Take the 2-minute tour ×
English Language & Usage Stack Exchange is a question and answer site for linguists, etymologists, and serious English language enthusiasts. It's 100% free, no registration required.

Possible Duplicate:
Using -ed vs. -ing in the “needs washed” construction

I've always used the following construct:

The book needs to be read before Thursday.

But I've heard some people say:

The book needs read before Thursday.

Which is correct? Or perhaps both?

share|improve this question

marked as duplicate by RegDwigнt Oct 1 '11 at 20:15

This question has been asked before and already has an answer. If those answers do not fully address your question, please ask a new question.

3 Answers 3

People around Pittsburg usually say needs read but most of the rest of the US would say needs to be read.

I believe needs to be is the grammatically correct version, but have a personal liking of the first (shorter) version.

share|improve this answer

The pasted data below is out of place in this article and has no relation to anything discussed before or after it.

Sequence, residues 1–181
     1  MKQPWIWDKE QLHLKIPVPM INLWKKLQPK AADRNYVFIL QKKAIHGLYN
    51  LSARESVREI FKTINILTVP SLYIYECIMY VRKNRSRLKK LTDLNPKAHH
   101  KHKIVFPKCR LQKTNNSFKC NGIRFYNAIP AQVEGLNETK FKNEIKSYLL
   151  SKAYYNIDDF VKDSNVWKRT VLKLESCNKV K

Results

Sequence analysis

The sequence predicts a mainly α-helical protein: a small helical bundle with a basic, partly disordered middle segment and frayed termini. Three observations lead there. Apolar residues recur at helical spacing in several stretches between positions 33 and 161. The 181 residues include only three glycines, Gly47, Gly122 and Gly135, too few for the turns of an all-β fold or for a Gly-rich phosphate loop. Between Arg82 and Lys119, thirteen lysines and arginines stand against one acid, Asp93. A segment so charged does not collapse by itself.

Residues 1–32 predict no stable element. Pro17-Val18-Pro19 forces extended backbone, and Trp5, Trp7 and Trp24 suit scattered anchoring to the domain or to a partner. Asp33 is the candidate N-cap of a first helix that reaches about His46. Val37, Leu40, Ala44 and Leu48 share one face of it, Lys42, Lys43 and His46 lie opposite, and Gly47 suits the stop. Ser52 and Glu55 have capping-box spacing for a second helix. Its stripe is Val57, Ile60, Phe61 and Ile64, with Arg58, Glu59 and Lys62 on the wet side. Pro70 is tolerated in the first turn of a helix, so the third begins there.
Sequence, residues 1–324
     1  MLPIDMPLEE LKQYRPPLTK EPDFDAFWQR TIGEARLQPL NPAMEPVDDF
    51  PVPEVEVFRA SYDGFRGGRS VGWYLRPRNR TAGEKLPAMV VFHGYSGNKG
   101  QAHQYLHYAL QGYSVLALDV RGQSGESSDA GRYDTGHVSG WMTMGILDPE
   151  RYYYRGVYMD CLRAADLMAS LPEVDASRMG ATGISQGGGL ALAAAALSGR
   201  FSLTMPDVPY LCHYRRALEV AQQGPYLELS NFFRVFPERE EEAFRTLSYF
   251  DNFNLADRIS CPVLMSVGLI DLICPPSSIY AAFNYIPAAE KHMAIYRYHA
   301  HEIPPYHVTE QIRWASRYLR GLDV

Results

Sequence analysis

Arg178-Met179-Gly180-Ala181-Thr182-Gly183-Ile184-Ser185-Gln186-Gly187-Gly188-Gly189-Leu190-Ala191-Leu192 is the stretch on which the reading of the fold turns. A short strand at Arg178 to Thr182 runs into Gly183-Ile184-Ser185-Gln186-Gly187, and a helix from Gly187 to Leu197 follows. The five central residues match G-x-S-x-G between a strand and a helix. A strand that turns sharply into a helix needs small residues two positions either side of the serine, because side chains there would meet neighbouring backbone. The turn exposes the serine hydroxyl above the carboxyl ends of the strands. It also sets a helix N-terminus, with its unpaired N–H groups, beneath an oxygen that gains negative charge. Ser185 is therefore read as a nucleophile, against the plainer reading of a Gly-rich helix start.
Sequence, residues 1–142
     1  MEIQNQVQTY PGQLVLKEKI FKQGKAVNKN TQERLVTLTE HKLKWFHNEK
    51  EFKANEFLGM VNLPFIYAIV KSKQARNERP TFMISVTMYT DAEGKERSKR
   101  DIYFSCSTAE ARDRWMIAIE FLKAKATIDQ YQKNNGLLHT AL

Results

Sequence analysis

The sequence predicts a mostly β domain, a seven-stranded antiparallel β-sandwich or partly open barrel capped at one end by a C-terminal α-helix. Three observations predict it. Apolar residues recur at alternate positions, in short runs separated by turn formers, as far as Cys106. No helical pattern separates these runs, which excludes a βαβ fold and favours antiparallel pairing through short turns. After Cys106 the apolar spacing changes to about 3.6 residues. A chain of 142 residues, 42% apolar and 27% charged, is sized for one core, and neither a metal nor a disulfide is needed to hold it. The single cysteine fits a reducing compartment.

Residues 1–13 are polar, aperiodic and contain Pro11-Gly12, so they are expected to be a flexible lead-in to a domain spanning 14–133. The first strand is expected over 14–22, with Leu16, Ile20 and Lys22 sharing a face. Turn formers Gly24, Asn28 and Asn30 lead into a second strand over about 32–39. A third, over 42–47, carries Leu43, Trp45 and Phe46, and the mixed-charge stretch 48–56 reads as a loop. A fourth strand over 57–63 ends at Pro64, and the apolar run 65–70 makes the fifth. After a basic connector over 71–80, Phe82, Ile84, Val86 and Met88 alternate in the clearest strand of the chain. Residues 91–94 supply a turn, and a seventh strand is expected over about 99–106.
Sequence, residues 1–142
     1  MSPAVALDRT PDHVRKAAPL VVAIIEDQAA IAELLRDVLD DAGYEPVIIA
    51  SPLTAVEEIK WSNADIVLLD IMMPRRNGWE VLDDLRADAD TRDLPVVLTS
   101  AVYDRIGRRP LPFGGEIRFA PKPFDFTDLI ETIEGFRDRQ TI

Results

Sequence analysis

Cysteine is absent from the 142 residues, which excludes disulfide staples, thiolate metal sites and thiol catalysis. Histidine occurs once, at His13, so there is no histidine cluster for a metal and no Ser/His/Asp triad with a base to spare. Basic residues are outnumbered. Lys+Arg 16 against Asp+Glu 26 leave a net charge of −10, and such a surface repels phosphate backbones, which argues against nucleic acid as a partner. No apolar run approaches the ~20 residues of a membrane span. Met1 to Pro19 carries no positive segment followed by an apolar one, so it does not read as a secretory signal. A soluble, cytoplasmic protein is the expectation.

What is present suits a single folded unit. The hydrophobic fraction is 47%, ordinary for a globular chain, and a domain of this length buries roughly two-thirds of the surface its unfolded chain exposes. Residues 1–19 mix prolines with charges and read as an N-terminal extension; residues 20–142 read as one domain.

I suspect it's very much a spoken dialectal usage, but I'd always thought it was only used in contexts where the rest of us would use the present continuous (as in "This car needs washing/needs wash"). Personally I'm not keen on "This book needs reading before Thursday". Does that affect whether it can "need read"? –  FumbleFingers Oct 1 '11 at 3:27

The first option is more common/standard, however the second is common in certain dialects. See Central Pennsylvanian English speakers: what are the limitations on the "needs washed" construction?

share|improve this answer

"Needs" is a transitive verb, so it needs some kind of noun as its direct object.

The book needs to be read before Thursday.

is one candidate; "to be" is an infinitive functioning as a noun, and since it needs to be something, we use the past participle of the verb.

Or you might skip all that and just take the gerund form of the verb by appending the -ing suffix to it, which turns it into a noun:

The book needs reading before Thursday.

This is perhaps a more informal construction, and it might sound slightly awkward to some people, especially because of the "before Thursday" at the end.

The book needs read.

is unacceptable to many educated speakers, because the past tense "read" doesn't function as a noun in any normal situation. I live in Arkansas, so I hear people use this construction occasionally, but very rarely from careful speakers.

share|improve this answer

Not the answer you're looking for? Browse other questions tagged or ask your own question.